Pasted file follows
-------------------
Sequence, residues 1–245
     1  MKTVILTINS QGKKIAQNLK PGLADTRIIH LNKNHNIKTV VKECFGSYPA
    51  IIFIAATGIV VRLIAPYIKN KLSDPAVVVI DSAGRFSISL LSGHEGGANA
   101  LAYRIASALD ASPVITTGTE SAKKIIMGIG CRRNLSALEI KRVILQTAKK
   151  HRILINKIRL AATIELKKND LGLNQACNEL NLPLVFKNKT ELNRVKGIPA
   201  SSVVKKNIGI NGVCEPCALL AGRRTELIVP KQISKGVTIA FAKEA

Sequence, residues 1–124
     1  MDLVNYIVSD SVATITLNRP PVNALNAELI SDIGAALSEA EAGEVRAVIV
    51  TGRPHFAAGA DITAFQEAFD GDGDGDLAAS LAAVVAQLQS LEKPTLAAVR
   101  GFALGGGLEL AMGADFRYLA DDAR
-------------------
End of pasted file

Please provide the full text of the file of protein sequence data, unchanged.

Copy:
Sequence, residues 1–245
     1  MKTVILTINS QGKKIAQNLK PGLADTRIIH LNKNHNIKTV VKECFGSYPA
    51  IIFIAATGIV VRLIAPYIKN KLSDPAVVVI DSAGRFSISL LSGHEGGANA
   101  LAYRIASALD ASPVITTGTE SAKKIIMGIG CRRNLSALEI KRVILQTAKK
   151  HRILINKIRL AATIELKKND LGLNQACNEL NLPLVFKNKT ELNRVKGIPA
   201  SSVVKKNIGI NGVCEPCALL AGRRTELIVP KQISKGVTIA FAKEA

Sequence, residues 1–124
     1  MDLVNYIVSD SVATITLNRP PVNALNAELI SDIGAALSEA EAGEVRAVIV
    51  TGRPHFAAGA DITAFQEAFD GDGDGDLAAS LAAVVAQLQS LEKPTLAAVR
   101  GFALGGGLEL AMGADFRYLA DDAR